When I first moved to Seattle, I knew no one besides my husband and his college buddy. It was a lonely business trying to find a job and make friends. We had one car and we were living 20 minutes outside downtown in a townhouse with no furniture. Our sleepy marina town closed down at 7:00 at night and our closest neighbors either worked nights, or dealt drugs from their driveways during the day.
I spent every waking moment trying to get a job to help me escape the absolute boredom I felt. During one of my interviews, the Art Director asked me if I was a member of AIGA (American Institute of Graphic Arts) or if I had heard of the School of Visual Concepts. Being both receptive and desperate, I joined AIGA immediately and began taking classes as SVC. Her advice changed my experience dramatically. Instead of pining away, waiting for my employed spouse to return home, I now had places to go and people to meet.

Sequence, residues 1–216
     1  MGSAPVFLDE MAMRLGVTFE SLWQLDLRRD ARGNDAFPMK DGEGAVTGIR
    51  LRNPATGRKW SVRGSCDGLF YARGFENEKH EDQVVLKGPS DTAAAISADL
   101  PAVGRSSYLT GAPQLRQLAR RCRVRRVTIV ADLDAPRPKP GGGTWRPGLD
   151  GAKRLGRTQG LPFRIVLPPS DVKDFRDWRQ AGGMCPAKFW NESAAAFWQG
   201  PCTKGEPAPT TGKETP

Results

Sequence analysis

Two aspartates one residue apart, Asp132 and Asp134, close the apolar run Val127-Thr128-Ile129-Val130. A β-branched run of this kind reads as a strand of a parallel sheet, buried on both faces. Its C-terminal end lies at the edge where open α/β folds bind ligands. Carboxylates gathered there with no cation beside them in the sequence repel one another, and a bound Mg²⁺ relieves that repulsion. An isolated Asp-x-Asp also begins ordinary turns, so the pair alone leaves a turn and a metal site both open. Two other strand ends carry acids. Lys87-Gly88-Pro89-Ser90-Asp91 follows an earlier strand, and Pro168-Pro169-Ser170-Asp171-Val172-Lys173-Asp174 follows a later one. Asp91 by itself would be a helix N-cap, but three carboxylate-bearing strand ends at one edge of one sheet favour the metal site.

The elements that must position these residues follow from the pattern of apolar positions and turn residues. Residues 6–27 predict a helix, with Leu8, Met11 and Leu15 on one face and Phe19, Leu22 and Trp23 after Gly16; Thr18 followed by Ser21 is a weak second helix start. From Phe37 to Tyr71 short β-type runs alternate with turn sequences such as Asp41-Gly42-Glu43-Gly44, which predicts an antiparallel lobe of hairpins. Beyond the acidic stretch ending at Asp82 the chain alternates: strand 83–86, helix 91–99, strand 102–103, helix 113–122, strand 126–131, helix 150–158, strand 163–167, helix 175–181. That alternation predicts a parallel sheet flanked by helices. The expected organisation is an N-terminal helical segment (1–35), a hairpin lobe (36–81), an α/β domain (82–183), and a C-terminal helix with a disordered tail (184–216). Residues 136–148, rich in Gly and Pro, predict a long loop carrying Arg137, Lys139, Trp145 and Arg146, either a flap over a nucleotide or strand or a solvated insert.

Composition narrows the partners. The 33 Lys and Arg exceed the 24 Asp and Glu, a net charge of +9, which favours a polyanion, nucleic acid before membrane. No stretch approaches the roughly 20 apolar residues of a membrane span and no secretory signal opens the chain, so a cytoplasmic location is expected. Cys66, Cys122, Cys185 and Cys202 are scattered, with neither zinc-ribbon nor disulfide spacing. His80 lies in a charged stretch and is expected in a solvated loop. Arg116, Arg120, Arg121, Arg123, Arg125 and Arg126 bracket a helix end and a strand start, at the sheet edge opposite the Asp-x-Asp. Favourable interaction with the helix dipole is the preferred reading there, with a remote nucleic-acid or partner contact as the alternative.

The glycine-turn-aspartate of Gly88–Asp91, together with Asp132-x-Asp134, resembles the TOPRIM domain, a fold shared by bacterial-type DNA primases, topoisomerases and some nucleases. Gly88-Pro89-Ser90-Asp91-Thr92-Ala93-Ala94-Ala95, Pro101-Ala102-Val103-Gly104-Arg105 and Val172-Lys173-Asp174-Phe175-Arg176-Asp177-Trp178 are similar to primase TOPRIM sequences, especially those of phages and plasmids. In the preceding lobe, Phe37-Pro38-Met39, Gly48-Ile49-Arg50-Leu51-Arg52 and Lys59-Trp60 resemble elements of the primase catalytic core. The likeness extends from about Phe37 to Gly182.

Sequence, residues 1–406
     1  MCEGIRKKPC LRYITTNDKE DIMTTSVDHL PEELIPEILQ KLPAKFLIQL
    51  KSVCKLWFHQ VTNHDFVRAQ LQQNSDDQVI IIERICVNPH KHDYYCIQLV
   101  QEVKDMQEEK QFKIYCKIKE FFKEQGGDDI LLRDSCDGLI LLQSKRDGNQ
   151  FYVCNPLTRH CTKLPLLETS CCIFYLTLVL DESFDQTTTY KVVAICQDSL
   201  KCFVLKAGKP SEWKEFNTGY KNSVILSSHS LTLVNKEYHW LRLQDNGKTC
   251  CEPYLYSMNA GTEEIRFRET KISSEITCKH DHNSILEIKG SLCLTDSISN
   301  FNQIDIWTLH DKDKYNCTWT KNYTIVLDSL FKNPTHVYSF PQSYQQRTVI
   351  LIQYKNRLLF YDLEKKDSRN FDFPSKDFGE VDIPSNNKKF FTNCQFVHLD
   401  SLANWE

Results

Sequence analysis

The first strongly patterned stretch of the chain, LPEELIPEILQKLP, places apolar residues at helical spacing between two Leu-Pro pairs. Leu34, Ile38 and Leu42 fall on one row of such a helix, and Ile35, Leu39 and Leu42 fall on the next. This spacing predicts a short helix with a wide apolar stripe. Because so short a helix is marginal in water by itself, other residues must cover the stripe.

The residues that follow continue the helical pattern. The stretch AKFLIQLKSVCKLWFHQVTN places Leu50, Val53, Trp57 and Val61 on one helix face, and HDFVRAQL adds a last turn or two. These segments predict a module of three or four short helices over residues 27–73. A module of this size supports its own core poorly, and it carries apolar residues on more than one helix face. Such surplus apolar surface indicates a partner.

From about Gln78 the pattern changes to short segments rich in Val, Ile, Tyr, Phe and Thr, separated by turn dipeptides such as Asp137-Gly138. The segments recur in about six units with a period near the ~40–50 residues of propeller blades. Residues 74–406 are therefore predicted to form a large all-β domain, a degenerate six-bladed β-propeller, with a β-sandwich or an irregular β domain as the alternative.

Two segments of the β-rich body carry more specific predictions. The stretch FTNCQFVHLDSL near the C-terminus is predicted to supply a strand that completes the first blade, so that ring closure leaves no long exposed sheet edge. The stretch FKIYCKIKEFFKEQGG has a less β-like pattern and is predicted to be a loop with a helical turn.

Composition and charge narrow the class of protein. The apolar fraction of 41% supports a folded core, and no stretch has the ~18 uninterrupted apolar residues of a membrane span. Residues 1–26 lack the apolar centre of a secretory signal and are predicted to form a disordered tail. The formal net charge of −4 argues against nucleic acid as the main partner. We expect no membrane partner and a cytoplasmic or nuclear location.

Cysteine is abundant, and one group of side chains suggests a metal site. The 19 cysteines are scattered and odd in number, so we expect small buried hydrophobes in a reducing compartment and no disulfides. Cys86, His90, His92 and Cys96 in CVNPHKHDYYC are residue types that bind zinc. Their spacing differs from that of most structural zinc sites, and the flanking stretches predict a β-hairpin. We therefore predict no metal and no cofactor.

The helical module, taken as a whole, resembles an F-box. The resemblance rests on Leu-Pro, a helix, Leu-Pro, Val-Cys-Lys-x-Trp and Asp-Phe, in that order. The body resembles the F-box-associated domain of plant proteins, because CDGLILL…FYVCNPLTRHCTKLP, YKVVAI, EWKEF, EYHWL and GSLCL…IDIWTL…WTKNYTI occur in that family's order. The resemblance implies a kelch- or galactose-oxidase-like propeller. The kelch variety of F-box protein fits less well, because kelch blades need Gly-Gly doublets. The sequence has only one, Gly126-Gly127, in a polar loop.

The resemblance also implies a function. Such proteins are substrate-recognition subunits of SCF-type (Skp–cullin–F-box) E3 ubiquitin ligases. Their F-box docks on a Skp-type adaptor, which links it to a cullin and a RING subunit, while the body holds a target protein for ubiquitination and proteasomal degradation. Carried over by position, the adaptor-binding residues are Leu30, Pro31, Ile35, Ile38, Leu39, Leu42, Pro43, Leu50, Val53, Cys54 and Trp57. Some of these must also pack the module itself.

One of the greatest benefits of jointing the AIGA was that it had plenty of opportunities to volunteer. And boy did I. Jumping in with both feet, I helped plan events, as well as volunteered with inner city kids doing art projects, and eventually was invited to join the Board.
Jesse Doquilo, the president at the time, asked what my motivation to join the board was and I told him I wanted to use my talent to give back. He put me in charge of Community Outreach, a brand new position, and told me to define it. And, oh, by the way, you have 70 volunteers waiting for you to tell them what to do. I was given carte blanche.
So...wow. Where to start? Too much freedom can create confusion or stagnation, so I started winnowing the choices down.
Continue reading the story in an article I wrote for Communication Arts >>